"The Gospels are our stories of grief, pain and frustration, as well as of joy, fulfillment and triumph."
When I started writing this column a year ago, our editors asked me what the titleof my column would be.
I instinctively replied, “The Fifth Gospel.”
At first, they thought I would be writing about religion, an idea that the editors readily welcomed since this paper doesn’t have a religious column.
But I explained that it wouldn’t simply be about religion. It would be about faith as a lived experience, as a living reality. It would be as if the Gospel were retold through our ordinary everyday experience.
The Fifth Gospel would narrate the story of our faith from the perspective of our everyday lives.
That was a year ago. Fifty-plus weeks later, I have written on a wide range of timely topics—from politics to religion, from historical facts to current events, from aspirations of faith to policy proposals.
We often mistakenly think that the Gospels are simply the Biblical accounts of Christ’s life and ministry. But far from being more than just historical narratives or an eyewitness account of the biography of Jesus—the Gospels are stories of faith shared and passed on by telling and retelling what happened to Jesus and what he did and taught.
In the end, the four evangelists were defining Jesus and his message from the perspective of their own lived experience.
With churches closed due to the COVID-19 pandemic, I spent the Holy Week this year watching the series, “The Chosen”—a beautiful retelling of the life of Jesus by American filmmaker Dallas Jenkins. Unlike previous films on the life of Christ, Jenkins enriched the Biblical narratives by portraying Jesus “through the eyes of those who met him.”
So the opening episode focuses on Mary Magdalene and the apostles Peter and Andrew and their encounter with Jesus—and Christ’s invitation to radical discipleship. The next episodes feature Mary at the wedding at Cana, Matthew at the tax collector’s booth and the Samaritan woman at Jacob’s well—and Christ’s response to their own doubts and uncertainties. The season ends with the Jewish scholar Nicodemus who visited Jesus in secret, and their dialogue about the truth of Christ’s mission.
The truth is that the Gospels are our stories—and they cannot be too far removed from our own experiences—of grief, pain and frustration, as well as of joy, fulfillment and triumph.
In writing this column, I would not want to make any pretenses about being a good Catholic. I describe myself as “practicing” Catholic—who continues to be a “work in progress” and to learn how to live out our faith more meaningfully. I make no secret of my own struggles and mistakes, as well as with the grace of God’s providence.
With this column I hope to underscore that notwithstanding the rise of a secular culture, faith and religion will always retain its enduring importance.
In our time, many are often quick to conclude that with fewer and fewer people going to church, it seems that religion has now lost its touch with modern man. This observation, I believe, is far from the truth. For one, a fact that is often overlooked is that there are more people of faith than unbelievers anywhere in the world.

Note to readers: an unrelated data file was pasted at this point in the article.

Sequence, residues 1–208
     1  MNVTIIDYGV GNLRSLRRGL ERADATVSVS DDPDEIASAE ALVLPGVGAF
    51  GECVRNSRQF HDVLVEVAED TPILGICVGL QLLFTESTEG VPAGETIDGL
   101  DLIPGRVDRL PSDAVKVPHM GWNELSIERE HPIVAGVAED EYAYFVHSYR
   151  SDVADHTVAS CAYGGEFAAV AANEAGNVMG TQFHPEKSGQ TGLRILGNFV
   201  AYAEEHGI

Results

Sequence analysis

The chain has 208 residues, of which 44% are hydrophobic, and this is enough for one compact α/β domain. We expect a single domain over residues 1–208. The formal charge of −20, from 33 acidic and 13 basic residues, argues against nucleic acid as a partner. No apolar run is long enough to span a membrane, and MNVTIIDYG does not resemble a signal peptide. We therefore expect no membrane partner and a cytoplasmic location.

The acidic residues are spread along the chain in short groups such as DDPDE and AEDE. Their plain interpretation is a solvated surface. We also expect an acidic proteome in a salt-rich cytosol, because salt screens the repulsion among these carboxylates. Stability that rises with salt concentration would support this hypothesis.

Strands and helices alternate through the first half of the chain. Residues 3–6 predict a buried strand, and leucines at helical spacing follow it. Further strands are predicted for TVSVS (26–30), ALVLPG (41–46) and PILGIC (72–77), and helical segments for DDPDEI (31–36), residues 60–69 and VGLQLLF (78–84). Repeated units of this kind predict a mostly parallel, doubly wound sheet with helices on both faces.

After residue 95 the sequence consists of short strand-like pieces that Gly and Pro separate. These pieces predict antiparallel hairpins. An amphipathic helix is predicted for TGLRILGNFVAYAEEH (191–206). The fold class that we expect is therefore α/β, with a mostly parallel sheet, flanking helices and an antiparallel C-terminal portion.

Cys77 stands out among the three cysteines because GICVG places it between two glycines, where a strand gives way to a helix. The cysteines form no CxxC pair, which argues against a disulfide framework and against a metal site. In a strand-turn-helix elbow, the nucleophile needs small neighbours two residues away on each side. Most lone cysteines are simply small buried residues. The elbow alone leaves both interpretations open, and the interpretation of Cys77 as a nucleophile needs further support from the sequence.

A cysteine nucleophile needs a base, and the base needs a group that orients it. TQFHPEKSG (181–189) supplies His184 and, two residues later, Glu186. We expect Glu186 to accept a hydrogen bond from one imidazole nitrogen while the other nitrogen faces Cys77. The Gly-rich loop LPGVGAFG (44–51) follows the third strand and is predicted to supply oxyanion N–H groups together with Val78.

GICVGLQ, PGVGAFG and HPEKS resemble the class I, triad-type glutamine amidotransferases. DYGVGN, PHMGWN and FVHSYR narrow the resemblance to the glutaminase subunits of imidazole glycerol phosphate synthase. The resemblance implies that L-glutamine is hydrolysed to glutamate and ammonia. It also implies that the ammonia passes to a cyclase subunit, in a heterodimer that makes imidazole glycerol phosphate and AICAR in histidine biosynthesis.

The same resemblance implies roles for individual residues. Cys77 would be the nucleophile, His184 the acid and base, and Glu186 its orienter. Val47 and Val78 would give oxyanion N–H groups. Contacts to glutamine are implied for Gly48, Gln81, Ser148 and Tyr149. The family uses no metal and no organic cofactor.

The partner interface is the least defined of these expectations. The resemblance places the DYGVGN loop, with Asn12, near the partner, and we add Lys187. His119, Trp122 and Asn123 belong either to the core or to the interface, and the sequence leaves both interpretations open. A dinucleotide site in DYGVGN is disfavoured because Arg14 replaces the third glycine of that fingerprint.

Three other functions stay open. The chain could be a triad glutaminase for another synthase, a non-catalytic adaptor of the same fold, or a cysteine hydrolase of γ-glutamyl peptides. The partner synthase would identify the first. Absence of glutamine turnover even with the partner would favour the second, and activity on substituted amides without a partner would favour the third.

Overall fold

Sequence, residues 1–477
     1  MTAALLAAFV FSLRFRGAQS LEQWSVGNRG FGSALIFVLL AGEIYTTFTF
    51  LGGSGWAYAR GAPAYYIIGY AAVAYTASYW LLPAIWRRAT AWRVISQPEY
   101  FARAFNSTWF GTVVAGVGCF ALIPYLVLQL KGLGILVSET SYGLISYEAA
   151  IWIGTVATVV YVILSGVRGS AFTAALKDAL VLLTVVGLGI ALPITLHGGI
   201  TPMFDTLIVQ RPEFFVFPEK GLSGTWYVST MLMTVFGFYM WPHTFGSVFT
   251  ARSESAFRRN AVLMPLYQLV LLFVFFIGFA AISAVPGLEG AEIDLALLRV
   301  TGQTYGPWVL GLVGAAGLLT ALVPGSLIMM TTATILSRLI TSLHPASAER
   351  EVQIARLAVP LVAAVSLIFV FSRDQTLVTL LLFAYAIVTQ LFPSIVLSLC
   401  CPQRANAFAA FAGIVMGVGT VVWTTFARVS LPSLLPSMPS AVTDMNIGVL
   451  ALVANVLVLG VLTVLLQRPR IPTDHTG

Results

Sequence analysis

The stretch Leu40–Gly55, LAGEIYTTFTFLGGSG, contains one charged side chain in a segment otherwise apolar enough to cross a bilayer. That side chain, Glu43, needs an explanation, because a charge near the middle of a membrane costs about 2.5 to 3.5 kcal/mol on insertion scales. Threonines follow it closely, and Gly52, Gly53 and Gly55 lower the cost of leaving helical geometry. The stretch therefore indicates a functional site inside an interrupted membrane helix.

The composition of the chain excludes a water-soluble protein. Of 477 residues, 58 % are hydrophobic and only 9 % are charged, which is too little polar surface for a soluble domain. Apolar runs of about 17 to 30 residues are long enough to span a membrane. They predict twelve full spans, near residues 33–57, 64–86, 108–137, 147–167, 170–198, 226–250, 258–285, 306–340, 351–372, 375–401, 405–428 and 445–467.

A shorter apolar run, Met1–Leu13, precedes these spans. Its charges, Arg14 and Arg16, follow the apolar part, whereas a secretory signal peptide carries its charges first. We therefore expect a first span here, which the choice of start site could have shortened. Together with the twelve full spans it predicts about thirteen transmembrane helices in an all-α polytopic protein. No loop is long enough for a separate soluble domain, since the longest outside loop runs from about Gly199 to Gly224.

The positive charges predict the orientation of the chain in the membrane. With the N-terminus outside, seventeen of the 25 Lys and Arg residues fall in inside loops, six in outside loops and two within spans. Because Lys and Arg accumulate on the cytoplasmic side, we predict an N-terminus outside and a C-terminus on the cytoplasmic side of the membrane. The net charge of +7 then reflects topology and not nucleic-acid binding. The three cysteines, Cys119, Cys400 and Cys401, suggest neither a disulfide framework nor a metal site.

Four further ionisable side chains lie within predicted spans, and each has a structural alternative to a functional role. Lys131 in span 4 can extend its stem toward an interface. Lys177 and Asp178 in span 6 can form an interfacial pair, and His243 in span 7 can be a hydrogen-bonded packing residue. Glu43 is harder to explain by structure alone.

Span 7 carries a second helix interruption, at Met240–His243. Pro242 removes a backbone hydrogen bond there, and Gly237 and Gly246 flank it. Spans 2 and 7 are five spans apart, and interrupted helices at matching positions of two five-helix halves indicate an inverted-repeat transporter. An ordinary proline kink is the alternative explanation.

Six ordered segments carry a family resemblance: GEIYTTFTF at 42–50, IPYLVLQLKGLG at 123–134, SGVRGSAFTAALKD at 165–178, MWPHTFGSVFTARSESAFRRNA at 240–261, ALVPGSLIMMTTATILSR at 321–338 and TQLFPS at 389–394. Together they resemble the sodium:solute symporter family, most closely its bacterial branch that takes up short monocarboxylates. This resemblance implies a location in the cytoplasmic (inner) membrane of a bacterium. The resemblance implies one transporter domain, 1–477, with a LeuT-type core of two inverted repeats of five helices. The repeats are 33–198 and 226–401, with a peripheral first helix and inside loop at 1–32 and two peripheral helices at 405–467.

This means religion will always be an intrinsic part not only of our individual lives, but of humanity’s collective existence, providing our lives with the meaning and purpose that only faith can give.
The real threat to our faith, however, is not in the fact that the number of those staying away from religion continues to be on the rise—but in the reality that believers have learned to “compartmentalize” their faith from their other everyday concerns.
This is perhaps what Pope Francis had in mind when in the document “Evangelii Gaudium”—the pope wrote, “The great danger in today’s world, pervaded as it is by consumerism, is the desolation and anguish born of a complacent yet covetous heart, the feverish pursuit of frivolous pleasures, and a blunted conscience. Whenever our interior life becomes caught up in its own interests and concerns, there is no longer room for others, no place for the poor. God’s voice is no longer heard, the quiet joy of his love is no longer felt, and the desire to do good fades.”
Take for example, politics. The prevailing secular attitude, wrongly thought to be established by the constitutional dictum of the separation of Church and State, is that politics should be unmoored from religion.
We forget that many of the great persons in the Bible were people in politics. Moses grew up in the Egyptian court. Saul was the first king of Israel. David was a consummate leader of his people. Daniel the prophet advised the kings of Babylon. Jonah was a revolutionary of sorts, calling the king and people of Nineveh to conversion. Matthew was a tax collector working for the Roman colonial power. Nicodemus was himself a Pharisee, a religious elite that swayed significant political power. Zacchaeus was a corrupt official who found wholeness in knowing the power of God’s mercy.
It was in their politics that these men found God and grew in the faith.
In our time and for many of us, it could be in business, in our professions, in our homes and workplaces that we could encounter God and bring others to meet him.
So the invitation remains for us to find God where we are—or more beautifully, to allow God to find us, and in each of our own callings, write our own Fifth Gospels.